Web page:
Social systems, economic systems, political systems, and so on, are all governed by their own internal logic. All systems have rules and inherent logic. You do not change those systems by putting different individuals in charge of them. Systems do not operate the way that they do primarily because of the nature of the people who occupy them.  In the Stanford Prison Experiment, for example, the “guards” and “inmates” were all Stanford students. Yet they one and all readily and quickly adopted roles that eerily mimicked real prisons’ occupants and repressive atmosphere. To stop the Stanford students from behaving like prison guards and prisoners, Philip Zimbardo, the experiment’s lead investigator, brought an early end to the simulated prison. You change system outcomes, in short, by changing the system. (Chapter One)

I will post more excerpts later on. 



A War of the Worlds


Laying a Foundation for Politics of a New Path: Contests Over What is Real and What is True

Chapter One

The Paradox of Preeminence

Chapter Two

The Neoliberal State’s Origins and the Rise of the Right: Wars, Revolutions and Insurgencies

Chapter Three

Courting Catastrophe and Sabotaging Everyday Security: Neoliberalism’s Dangerous Dance

Chapter Four

The “War on Terror” (Munchausen Syndrome by Proxy)

Chapter Five

Why Voting Isn’t the Solution: The Problem with Democratic Theory

Chapter Six

Media: the New Faux Public

Chapter Seven

The Prospects for Change

Appendix One

Appendix Two

Appendix Three


About the Author








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Congrats! Good luck with it.
Congratulations, Dennis!
Thank you Rei and Catherine!
Congratulations. This will make a great gift for my son who is studying philosophy and political science in college. Don't be a stranger. RRR
Congratulations! That is wonderful news.
Congratulations! I wish you good luck with it.
Congratulations, Dennis...and good luck with it.



(*Please rush answer.....*)

Bernadine, Nick, Tinkertink 69, Diary of a Hopeful Starving Student, Bette, Frank (!), skypixieo: Thank you all for your kind wishes and for your visit! It's nice to have a community, isn't it? The relationship between individuals and groups is a key theme in my book. For example:

"Individuals are like a tree's leaves that extend out from twigs (the family), that spring out from branches (populations) that in turn spread out from the tree trunk (society). The tree, for its part, cannot live without leaves. It is true that some trees shed their leaves for a season and live on their stored resources and connection to the ground. But they would not have those stored resources if they didn't sprout leaves for the rest of the year in order to collect the sun's rays and carry out photosynthesis. Leaves are a tree’s way of providing for itself. Leaves, in turn, cannot survive without being attached to trees. A detached leaf, going about its merry way on its own and freed of its connection to and the dictates of the tree, falls and dies." (Chapter One)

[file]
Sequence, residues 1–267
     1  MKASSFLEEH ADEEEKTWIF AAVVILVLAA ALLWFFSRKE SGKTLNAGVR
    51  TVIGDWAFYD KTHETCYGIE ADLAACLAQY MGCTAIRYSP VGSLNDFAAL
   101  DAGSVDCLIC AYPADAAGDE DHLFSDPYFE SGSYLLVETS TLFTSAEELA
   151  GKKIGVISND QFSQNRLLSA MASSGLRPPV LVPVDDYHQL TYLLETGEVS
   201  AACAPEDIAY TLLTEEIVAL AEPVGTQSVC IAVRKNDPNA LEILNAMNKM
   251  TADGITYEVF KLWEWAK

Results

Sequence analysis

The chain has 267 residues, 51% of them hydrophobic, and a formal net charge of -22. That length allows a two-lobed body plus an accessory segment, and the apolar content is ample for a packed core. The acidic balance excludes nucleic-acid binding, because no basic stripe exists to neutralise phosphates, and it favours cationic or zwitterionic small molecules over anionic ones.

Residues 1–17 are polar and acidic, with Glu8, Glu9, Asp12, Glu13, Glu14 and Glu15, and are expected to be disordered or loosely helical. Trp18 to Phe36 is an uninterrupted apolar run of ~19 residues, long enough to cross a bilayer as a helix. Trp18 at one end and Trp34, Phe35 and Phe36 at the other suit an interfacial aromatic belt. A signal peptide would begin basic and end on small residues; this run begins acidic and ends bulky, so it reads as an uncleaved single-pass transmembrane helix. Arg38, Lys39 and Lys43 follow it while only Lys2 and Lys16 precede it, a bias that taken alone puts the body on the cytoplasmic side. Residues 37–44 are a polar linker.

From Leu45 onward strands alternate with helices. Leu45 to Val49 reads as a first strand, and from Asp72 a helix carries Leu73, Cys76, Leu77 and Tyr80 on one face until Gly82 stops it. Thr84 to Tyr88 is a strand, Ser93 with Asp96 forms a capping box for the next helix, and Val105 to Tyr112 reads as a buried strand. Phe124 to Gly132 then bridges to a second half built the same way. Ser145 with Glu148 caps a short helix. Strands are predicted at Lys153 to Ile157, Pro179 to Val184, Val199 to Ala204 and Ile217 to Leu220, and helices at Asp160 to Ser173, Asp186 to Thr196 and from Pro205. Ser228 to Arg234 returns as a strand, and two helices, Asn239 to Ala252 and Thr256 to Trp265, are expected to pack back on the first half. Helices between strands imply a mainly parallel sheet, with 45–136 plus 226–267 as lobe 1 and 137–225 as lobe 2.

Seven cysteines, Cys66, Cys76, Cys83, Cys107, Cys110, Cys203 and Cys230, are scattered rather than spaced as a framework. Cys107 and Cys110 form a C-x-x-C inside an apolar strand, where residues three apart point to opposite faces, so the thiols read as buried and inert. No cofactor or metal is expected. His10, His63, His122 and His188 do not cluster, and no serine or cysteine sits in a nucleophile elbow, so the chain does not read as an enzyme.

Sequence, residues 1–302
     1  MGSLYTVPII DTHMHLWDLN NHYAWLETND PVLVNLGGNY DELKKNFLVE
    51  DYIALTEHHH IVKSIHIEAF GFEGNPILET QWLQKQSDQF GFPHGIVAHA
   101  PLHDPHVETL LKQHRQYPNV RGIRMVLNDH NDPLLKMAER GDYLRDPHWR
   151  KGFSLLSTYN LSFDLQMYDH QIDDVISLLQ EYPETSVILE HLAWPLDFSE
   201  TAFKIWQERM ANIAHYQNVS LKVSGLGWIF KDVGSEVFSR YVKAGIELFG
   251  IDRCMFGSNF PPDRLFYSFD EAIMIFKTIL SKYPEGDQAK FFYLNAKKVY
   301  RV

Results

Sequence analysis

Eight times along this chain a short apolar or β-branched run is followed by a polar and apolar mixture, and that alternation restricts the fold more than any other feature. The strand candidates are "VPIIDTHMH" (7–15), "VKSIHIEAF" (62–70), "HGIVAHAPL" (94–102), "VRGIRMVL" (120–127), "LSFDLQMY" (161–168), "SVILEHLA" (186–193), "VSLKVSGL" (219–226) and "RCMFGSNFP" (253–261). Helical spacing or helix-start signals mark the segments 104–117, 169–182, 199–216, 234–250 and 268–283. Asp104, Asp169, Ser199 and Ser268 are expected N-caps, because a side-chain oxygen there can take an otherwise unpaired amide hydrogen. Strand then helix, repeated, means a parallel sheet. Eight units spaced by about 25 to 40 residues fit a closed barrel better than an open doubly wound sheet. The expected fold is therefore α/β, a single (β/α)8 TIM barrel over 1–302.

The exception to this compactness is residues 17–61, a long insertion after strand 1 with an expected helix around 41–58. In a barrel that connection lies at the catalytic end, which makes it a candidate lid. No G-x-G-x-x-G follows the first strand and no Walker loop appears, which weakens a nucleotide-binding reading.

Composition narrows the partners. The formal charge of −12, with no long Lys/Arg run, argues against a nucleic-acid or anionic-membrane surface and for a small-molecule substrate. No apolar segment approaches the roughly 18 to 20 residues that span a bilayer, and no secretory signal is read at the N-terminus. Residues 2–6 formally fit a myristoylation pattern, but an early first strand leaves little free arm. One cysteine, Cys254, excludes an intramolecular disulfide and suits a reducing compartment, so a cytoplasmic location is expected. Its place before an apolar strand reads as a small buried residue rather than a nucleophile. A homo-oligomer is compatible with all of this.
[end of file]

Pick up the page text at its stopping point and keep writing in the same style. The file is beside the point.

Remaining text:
And in another example:

"[Friedrick] Hayek [godfather of neoliberalism and hero to Margaret Thatcher, Ronald Reagan, Milton Friedman et al] in effect dismisses the idea that there is such a thing as objectivity or necessity. There is only what the individual wants and that must prevail. Hayek’s hypothetically free individual declares his or her freedom, as if to say, 'I care not what is right, nor what is true. I care only that it is what I want. And that shall suffice.' If objective reality does in fact exist, and if science, medicine, navigation, exploration, and technology all rely upon objective reality’s existence to work (a fact evident to anyone using a car or airplane, for instance), then the ongoing effort to determine at any given time in society what the best ideas are—the ones that more truly represent objective reality—is not merely an idle intellectual exercise but one with powerful material consequences. Which ideas predominate and set the terms matters to the whole of the society. Science, for example, operates through a collective process of peer review. A claim made by one scientist has to be demonstrably true for the scientific community or that claim is rejected as untenable. If what matters more than anything, on the other hand, is that individuals should have the right to pursue their ideas and plans based on their 'own' ideas, then the question of what is true and its impact on the whole of society becomes moot. Implementing Hayek’s stand as a principle for the whole society would produce tremendous damage; indeed we find it doing precisely that, as this book discusses, by leading to the demolition of society." (Chapter One)

skypixieo: You will be able to get it in Canada. I don't know the stores in Canada, but will have it soon and Barnes and Noble is going to be carrying it as well.
Mazel Tov ! Dennis, looking forward to reading it.